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Re: 3.1 b-h: BEHAVIOR



Again: rule of ricebowl:  owner of solution defends the problem.
In this case, me, not Chris.

>Christopher R. Maden wrote:
> 
> I have a real problem with this level of behavioral specification.  I
> understand Len's desire for behavioral buckets, but I think there's a
> better way to do that.

[snip]

> Asserting links and establishing relationships, yes.  Specifying
> behavior, no.

I can fall on either side of this, but let me play devil's 
advocate because I've seen this done different ways in SGML systems.
Stylesheets and behavior have nattered at us for a decade, so 
if we think we can solve this now, I guess phase III will be 
as noisy as Phase II. Ah so...

First, the behavior attributes chosen for XML are confusing to me, so
I'm 
just following the debate.  I am probably influenced by the simpler 
notion of the MID that a behavior attribute is there to  
declare what to do with state and so, gosub/goto/spawn/other 
are sufficient.  (I don't like "other":  it is the black hole.)
It is only useful if a link is specifying active traversal; 
not a passive relationship.

It is necessary to understand that MID IS an application:
a GUI scripting language over a database of anything, or in my words, 
a database sequencer.  It's conceptual parent isn't HTML;
it is Visual Basic and the Zinc and XVT portability toolkits.
For what it was designed to do, it 
works because like HTML, the author has an easier time with 
scripts that correlate directly to screen objects.  The trick was to
make 
those as metaAsSensible, then get on with it.  It is not 
a generic solution for the database information:  it 
is reasonably generic for the navigation interface and 
declaring navigation of stateful relationships.  

Does XML need this, or is XML better seen as the language 
of the database an application like MID navigates?

Should one consider rewriting MID-like apps as XML applications,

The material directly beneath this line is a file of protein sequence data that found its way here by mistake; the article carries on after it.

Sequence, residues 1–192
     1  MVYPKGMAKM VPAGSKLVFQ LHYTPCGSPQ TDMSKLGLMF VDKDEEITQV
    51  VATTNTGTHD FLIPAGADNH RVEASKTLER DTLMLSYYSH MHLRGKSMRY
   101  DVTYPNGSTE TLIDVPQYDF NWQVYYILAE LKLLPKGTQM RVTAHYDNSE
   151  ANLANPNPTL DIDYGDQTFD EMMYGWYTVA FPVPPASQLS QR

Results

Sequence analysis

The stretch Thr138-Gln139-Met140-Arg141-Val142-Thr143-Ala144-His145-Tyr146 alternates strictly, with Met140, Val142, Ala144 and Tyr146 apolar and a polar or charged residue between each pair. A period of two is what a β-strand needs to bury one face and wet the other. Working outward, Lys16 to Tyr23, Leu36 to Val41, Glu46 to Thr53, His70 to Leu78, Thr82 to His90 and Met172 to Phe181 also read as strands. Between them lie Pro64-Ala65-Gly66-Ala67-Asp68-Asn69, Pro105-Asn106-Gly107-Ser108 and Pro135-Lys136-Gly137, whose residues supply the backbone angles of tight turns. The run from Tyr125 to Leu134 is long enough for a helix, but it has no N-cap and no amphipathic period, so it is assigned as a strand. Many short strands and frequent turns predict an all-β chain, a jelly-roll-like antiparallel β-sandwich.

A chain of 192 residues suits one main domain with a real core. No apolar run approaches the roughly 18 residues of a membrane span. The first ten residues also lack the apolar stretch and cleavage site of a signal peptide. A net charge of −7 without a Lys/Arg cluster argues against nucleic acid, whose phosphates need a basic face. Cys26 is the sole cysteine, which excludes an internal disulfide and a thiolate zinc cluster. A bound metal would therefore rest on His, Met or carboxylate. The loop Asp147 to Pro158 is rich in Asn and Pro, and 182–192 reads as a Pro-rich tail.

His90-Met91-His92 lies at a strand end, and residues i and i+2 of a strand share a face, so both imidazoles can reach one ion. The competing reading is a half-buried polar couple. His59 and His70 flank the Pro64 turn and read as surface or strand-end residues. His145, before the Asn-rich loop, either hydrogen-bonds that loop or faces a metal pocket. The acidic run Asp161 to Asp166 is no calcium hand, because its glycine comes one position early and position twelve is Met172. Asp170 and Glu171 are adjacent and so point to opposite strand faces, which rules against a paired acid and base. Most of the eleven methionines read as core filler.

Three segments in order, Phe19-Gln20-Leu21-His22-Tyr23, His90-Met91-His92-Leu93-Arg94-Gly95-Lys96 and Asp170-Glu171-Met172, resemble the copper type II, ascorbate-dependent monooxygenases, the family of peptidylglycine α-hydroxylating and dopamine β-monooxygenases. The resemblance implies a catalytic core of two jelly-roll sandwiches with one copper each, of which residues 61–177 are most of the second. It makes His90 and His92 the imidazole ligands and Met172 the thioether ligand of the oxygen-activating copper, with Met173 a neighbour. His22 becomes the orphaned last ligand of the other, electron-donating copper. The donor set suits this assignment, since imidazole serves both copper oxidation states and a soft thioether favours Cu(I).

or can they?

There are other ways.  There are sometimes better ways.
Then there are THE ways this is expressed.  Since no XML 
clients exist (publicly) but there are SGML browsers and 
HTML browsers that do use attributes to specify that a 
behavior is *expected* on a link:

o name a bucket for it.  make its use optional and warn 
  that this attribute spawns subdomains XML doesn't constrain.

o name the behaviors and be precise about what they do.

o say that XML can be used to write languages 
  with active objects if the behavior is added by a 
  separate application architecture (eg. like MID uses 
  a MID arch form and a HyTime ilink).

Otherwise, what is to be done with action= tags that 
have already shown up in two SGML DTDs for web use?

The Dynatext way is a way but to me, this is "The SGML Way" 
in a world in which too many users already do it other ways 
and some do it with SGML.  If XML restricts that, it only narrows 
its own field of application.  (Strange to be on this side of that
argument, but...).

There will be times when the stylesheet and the 
instance go down separate paths to separate destinations.

1.  Should the user be restricted to fixed methods, or laissez 
faire, or is the behavior attribute just a flag for 
the middle way?  IOW, here is what is expected, but 
not enforced.  

2.  Do I demand that a stylesheet is always archived with the XML
instance?  

3.  What is easiest for the author (not a stylesheet designer) to use?

I don't expect native DSSSL scripting to be a raging success.  I expect
point 
and click creation and modification will be.  If DSSSL/Scheme is the
export/import/
archival and under-the-scene processing language, great.  Those are 
implementation issues, though, amenable to libraries.  It could be C and
production 
user shouldn't know the difference.  It is the buyer of the system who 
needs to know if standardized stylesheet export and import is required.

len


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